4 years ago

An Acute Exposure to Muscle Vibration Decreases Knee Extensors Force Production and Modulates Associated Central Nervous System Excitability.

Guillaume Y Millet, Thomas Lapole, Thibault Besson, Robin Souron, Chris J McNeil
Local vibration (LV) has been recently validated as an efficient training method to improve muscle strength. Understanding the acute effects may help elucidate the mechanism(s). This study aimed to investigate the effects of a single bout of prolonged LV on knee extensor force production and corticospinal responsiveness of vastus lateralis (VL) and rectus femoris (RF) muscles in healthy young and old adults. Across two visits, 23 adult subjects (20-75 years old) performed pre- and post-test measurements, separated by 30-min of either rest (control; CON) or LV. Maximal voluntary contraction (MVC) force was assessed and transcranial magnetic stimulation (TMS) was used to evaluate cortical voluntary activation (VATMS) as well as the motor evoked potential (MEP) and silent period (SP). In 11 young adults, thoracic electrical stimulation was used to assess the thoracic motor evoked potential (TMEP). Although MVC decreased after both CON (-6.3 ± 4.4%, p = 0.01) and LV (-12.9 ± 7.7%, p < 0.001), the MVC loss was greater after LV (p = 0.001). Normalized maximal electromyographic (EMG) activity decreased after LV for both VL (-25.1 ± 10.7%) and RF (-20.9 ± 16.5%; p < 0.001), while it was unchanged after CON (p = 0.32). For RF, the TMEP and MEP/TMEP ratio decreased (p = 0.01) and increased (p = 0.01) after LV, respectively. Both measures were unchanged for VL (p = 0.27 and p = 0.15, respectively). No changes were reported for TMS-related parameters. These results confirm our hypothesis that modulations within the central nervous system would accompany the significant reduction of maximal voluntary force. A reduced motoneuron excitability seems to explain the decreased MVC after prolonged LV, as suggested by reductions in maximal EMG (all subjects) and TMEP area (data from 11 young subjects). A concomitant increased cortical excitability seems to compensate for lower excitability at the spinal level.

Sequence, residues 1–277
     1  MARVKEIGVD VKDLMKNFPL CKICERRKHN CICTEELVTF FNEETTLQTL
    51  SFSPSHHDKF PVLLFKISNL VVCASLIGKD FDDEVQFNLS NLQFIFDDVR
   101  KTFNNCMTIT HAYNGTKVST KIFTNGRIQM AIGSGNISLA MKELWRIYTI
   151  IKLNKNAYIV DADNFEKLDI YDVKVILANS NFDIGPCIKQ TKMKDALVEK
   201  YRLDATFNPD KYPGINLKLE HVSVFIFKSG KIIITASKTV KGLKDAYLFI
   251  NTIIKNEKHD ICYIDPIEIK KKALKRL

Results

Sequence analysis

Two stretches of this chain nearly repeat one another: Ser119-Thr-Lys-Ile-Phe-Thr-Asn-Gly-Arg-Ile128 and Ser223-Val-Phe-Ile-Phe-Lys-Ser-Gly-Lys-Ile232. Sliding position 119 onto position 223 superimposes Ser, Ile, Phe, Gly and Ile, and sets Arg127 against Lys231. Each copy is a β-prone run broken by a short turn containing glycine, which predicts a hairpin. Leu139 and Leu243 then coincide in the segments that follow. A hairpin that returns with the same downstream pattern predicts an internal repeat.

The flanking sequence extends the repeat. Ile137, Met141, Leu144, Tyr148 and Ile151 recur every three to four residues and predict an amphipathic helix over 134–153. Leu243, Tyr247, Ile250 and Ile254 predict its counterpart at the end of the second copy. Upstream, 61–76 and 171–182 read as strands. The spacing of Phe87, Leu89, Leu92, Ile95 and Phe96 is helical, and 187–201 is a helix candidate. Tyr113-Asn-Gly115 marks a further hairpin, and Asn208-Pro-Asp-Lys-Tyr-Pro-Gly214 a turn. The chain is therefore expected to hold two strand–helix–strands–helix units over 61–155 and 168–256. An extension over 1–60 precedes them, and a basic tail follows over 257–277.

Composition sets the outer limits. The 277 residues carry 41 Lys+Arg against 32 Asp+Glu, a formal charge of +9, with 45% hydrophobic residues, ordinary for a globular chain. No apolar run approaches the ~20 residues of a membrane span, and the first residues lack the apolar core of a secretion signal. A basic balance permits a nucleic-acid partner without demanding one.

Publisher URL: http://doi.org/10.3389/fnhum.2017.00519

DOI: 10.3389/fnhum.2017.00519

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